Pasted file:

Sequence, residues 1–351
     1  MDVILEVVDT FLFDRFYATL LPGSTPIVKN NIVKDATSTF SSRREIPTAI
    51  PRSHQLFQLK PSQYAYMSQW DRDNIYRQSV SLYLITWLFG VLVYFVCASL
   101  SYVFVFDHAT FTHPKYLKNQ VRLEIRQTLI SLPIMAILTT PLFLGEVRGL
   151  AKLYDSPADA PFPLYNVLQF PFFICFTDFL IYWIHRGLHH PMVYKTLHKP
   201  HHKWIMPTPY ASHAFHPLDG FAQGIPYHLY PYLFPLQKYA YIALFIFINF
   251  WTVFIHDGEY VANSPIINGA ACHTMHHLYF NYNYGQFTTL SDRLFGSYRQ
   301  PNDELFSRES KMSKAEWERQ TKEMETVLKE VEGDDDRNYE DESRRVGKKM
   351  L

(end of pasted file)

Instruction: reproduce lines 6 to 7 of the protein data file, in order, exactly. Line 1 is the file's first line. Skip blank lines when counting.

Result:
   201  HHKWIMPTPY ASHAFHPLDG FAQGIPYHLY PYLFPLQKYA YIALFIFINF
   251  WTVFIHDGEY VANSPIINGA ACHTMHHLYF NYNYGQFTTL SDRLFGSYRQ